The deep web is a vast resource of information much of it academic and of great value. However, there is a shadow side, one where stolen identities are offered for sale, among other things. We explore what the deep web means, why it exists and highlight some of the things you need to be aware of for identity theft protection.
What is the Deep Web?
You may have heard of the deep web, and wondered what it is. At its broadest level it means that part of the web that you can’t access with a standard browser such as Google or Firefox. And it’s huge, estimated to be up to 500 times larger than the Internet as we know it today. To give you some sense of scale Google scans about 8 billon pages.
People often describe the deep web in terms of an ocean. When you do an ordinary Internet search you essentially skim the surface of the ocean. When you trawl the deep web you’re diving into the depths that are hidden from view. Due to a lot of recent media coverage about Silk Road, a deep web website that offers drugs for sale there’s a perception that the deep web is a seething mass of nefarious tricksters offering their services as hit men, gun dealers or pornography merchants. While this element does exist, there’s also a lot more to it.
What can you find on the Deep Web?
For example, it also includes university library sites, software developer sites and peer-to-peer sites where people in different countries use the deep web to work collaboratively on projects. It’s also used by businesses, military and intelligence services, and plenty of ordinary people who value their privacy or want to discuss socially sensitive subjects such as abuse.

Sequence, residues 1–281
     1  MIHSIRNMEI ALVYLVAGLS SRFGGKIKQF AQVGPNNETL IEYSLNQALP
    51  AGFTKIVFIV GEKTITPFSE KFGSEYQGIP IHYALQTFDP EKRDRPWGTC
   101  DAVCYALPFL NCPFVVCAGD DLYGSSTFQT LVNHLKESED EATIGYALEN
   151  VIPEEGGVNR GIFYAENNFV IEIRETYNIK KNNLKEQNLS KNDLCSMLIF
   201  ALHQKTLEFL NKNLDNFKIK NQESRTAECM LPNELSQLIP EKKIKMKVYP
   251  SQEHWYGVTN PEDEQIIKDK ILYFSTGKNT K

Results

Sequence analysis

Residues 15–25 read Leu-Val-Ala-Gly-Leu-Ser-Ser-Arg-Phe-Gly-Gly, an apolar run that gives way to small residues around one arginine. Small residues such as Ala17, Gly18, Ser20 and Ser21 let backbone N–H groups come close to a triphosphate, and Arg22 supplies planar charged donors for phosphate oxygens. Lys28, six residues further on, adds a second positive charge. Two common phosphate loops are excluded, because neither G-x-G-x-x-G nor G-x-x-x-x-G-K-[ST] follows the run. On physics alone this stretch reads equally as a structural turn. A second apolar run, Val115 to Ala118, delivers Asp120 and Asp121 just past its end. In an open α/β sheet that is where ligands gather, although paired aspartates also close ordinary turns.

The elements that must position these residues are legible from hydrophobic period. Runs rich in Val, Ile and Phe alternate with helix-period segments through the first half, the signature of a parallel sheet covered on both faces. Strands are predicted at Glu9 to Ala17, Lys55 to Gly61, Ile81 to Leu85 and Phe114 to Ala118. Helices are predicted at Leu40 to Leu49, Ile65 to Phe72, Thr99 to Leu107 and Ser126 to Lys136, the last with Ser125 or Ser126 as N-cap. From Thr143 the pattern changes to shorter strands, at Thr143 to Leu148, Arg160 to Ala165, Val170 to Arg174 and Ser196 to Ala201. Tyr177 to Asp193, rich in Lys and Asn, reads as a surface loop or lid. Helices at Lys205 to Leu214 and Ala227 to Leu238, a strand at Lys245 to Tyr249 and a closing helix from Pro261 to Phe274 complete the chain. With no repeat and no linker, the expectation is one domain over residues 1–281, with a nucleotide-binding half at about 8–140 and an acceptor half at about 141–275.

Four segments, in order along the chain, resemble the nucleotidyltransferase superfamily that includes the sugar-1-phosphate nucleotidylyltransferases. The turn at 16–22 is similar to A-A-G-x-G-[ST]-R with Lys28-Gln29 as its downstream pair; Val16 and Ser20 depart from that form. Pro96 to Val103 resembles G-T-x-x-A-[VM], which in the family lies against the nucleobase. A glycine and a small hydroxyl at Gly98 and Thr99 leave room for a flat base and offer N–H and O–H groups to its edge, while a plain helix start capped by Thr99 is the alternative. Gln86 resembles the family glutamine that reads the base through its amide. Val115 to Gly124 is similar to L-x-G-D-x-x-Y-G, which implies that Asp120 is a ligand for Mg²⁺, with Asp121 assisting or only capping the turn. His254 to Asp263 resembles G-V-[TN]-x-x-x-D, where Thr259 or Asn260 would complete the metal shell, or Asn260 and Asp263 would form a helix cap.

In short, there is a huge amount of information on the deep web that spans just about every subject you can think of, from the humanities to medicine and government to business and economics. Much of the content is hosted by academic institutions,consists of enormous databases and clearly has lots of value to lots of people. Many of these organisations have portals on the ordinary web that provide a doorway to this information.
How is the Deep Web accessed?
However, as mentioned there is a dark side to the deep web. To access this you need to use a service such as Tor, which stands for The Onion Router. Tor wasn’t set up to facilitate an anonymous black market but certainly some people use it like this because of the anonymity it offers. And there is certainly a thriving trade in stolen identities, with credit and debit cards that have been stolen by hackers, traded and often burnt onto ‘new’ credit cards.
Identity theft in progress: Credit card information sold for €3.50
A recent trawl revealed a ‘carder,’ that is someone who deals in stolen credit cards, discussing the return on investment on a €20 outlay for two stolen cards he’d bought from a carders forum. Some stolen card details can go for as little as €3.50. The carder used the stolen identities of a Greek man and a Dutch woman to turn the €20 investment into €180 by transferring ‘cash’ from the cards to untraceable Bitcoins. He was mulling the benefits of Bitcoin transfers. BullGuard delivers identity theft protection to guard against this type of theft. Identity theft is a way of being for some deep web users and that’s why we all need to protect our online identities or they may end up for sale on the deep web.
What’s your view on the deep web?
Posted by Steve Bell